### 11.7 A technical description of the Match ID

This section describes how the match ID is calculated. The match ID can be used for easy exchange of positions for gnubg users in conjunction with the position ID. The match key is a 9 byte representation of the match score, match length, value of cube, owner of cube, Crawford game flag, player on roll, player to make a decision, doubled flag, resigned flag, and the dice rolled. The match ID is the 12 character Base64 encoding of the match key. Match key

The match key is a bit string of length 66:

 1-4 5-6 7 8 9-11 12 13 14-1516-1819-2122-3637-5152 Cube CubeOwner DiceOwner Crawford GameState TurnOwner Double ResignDice1Dice2MatchLen x 15 Score1 x 15Score2 x 15

1. Bit 1-4 contains the 2-logarithm of the cube value. For example, a 8-cube is encoded as 0011 binary (or 3), since 2 to the power of 3 is 8. The maximum value of the cube in with this encoding is 2 to the power of 15, i.e., a 32768-cube.
2. Bit 5-6 contains the cube owner. 00 if player 0 owns the cube, 01 if player 1 owns the cube, or 11 for a centered cube.
3. Bit 7 is the player on roll or the player who did roll (0 and 1 for player 0 and 1, respectively).
4. Bit 8 is the Crawford flag: 1 if this game is the Crawford game, 0 otherwise.
5. Bit 9-11 is the game state: 000 for no game started, 001 for playing a game, 010 if the game is over, 011 if the game was resigned, or 100 if the game was ended by dropping a cube.
6. Bit 12 indicates whose turn it is. For example, suppose player 0 is on roll then bit 7 above will be 0. Player 0 now decides to double, this will make bit 12 equal to 1, since it is now player 1's turn to decide whether she takes or passes the cube.
7. Bit 13 indicates whether an doubled is being offered. 0 if no double is being offered and 1 if a double is being offered.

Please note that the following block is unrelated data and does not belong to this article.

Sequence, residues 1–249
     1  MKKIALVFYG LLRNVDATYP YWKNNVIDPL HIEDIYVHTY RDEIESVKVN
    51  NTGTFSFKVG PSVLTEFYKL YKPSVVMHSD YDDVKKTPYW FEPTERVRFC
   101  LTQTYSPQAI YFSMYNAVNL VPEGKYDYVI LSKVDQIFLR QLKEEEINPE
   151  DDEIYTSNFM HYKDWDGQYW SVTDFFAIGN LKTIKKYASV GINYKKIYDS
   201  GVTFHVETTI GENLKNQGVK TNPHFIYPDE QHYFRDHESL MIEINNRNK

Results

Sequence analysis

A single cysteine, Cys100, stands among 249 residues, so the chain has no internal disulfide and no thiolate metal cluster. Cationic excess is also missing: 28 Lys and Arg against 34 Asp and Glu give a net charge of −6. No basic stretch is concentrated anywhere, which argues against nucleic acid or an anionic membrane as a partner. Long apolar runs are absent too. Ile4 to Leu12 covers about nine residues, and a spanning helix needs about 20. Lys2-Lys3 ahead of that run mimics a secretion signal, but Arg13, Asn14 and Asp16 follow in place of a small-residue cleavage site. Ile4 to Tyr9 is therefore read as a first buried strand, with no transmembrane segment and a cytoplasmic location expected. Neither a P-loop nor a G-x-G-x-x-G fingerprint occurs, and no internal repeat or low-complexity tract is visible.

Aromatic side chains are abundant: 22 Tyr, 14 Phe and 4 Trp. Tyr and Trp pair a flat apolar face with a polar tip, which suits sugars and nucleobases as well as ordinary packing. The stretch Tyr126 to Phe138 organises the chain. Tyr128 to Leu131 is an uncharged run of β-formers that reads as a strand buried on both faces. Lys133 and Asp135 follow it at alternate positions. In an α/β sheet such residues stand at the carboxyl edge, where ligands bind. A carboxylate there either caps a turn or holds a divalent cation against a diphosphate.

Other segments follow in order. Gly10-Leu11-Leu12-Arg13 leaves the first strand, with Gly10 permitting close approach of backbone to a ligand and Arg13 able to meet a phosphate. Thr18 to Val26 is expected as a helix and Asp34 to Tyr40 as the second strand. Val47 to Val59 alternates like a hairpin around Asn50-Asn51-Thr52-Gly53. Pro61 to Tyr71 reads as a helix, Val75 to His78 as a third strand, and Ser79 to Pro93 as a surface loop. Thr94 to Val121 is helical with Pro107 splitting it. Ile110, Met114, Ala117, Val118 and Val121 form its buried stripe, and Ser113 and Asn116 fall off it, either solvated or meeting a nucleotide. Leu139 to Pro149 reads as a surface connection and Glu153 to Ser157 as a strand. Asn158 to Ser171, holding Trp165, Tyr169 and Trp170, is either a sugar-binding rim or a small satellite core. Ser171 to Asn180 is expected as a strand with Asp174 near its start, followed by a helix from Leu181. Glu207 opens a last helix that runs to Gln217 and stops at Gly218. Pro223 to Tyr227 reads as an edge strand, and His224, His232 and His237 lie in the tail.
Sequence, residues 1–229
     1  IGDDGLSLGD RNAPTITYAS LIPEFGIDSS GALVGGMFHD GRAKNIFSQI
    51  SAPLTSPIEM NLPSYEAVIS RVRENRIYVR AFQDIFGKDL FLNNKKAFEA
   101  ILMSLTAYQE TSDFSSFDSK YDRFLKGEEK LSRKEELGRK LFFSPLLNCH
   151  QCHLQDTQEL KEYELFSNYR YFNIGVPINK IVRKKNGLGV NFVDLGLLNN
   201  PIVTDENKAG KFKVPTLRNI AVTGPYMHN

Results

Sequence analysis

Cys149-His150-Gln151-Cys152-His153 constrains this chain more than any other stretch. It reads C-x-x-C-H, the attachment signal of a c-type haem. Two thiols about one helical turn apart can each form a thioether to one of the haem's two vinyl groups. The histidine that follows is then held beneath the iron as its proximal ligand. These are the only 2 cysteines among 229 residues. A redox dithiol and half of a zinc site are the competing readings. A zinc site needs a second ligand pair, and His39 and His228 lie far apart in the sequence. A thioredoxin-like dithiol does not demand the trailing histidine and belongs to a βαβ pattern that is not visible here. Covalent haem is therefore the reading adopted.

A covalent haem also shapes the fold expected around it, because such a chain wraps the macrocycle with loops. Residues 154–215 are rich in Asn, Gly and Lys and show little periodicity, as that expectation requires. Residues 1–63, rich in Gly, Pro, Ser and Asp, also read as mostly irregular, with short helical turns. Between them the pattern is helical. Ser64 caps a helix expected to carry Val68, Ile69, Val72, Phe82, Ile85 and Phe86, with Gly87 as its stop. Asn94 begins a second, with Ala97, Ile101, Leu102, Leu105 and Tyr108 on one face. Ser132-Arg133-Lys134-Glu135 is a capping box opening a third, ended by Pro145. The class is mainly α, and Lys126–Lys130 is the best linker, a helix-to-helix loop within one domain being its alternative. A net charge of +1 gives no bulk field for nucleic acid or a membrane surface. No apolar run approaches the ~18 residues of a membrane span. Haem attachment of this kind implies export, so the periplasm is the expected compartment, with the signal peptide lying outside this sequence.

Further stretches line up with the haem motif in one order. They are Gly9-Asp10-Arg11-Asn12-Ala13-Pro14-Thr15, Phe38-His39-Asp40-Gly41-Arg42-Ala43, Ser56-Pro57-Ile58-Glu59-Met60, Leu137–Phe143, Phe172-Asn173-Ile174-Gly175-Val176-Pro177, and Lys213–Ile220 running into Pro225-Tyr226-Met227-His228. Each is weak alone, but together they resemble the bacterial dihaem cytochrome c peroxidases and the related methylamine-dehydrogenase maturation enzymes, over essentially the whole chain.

8. Bit 14-15 indicates whether an resignation was offered. 00 for no resignation, 01 for resign of a single game, 10 for resign of a gammon, or 11 for resign of a backgammon. The player offering the resignation is the inverse of bit 12, e.g., if player 0 resigns a gammon then bit 12 will be 1 (as it is now player 1 now has to decide whether to accept or reject the resignation) and bit 13-14 will be 10 for resign of a gammon.
9. Bit 16-18 and bit 19-21 is the first and second die, respectively. 0 if the dice has not yet be rolled, otherwise the binary encoding of the dice, e.g., if 5-2 was rolled bit 16-21 will be 101-010.
10. Bit 22 to 36 is the match length. The maximum value for the match length is 32767. A match score of zero indicates that the game is a money game.
11. Bit 37-51 and bit 52-66 is the score for player 0 and player 1 respectively. The maximum value of the match score is 32767.

For example, assume the score is 2-4 in a 9 point match with player 0 holding a 2-cube, and player 1 has just rolled 52. The match key for this will be (note that the bit order is reversed below for readability)

1000 00 1 0 100 1 0 00 101 010 100100000000000 010000000000000 001000000000000

In little endian the bytes looks like:

01000001 10001001 00101010 00000001 00100000 00000000 00100000 00000000 00

0x41 0x89 0x2A 0x01 0x20 0x00 0x20 0x00 0x00

Analogous to the position ID from the previous section the match ID format is simply the Base64 encoding of the key.

To continue the example above, the 9 8-bit bytes are grouped into 12 6-bits groups:

010000 011000 100100 101010 000000 010010 000000 000000 001000 000000 000000 000000

In Base64 encoding, the groups are represented as:

Q Y k q A S A A I A A A

So, the match id is simply:

QYkqASAAIAAA

If someone post a match ID you can set up the position in gnubg by writing or pasting it into the Match ID text input field on the main window, or by executing the command

set matchid QYkqASAAIAAA.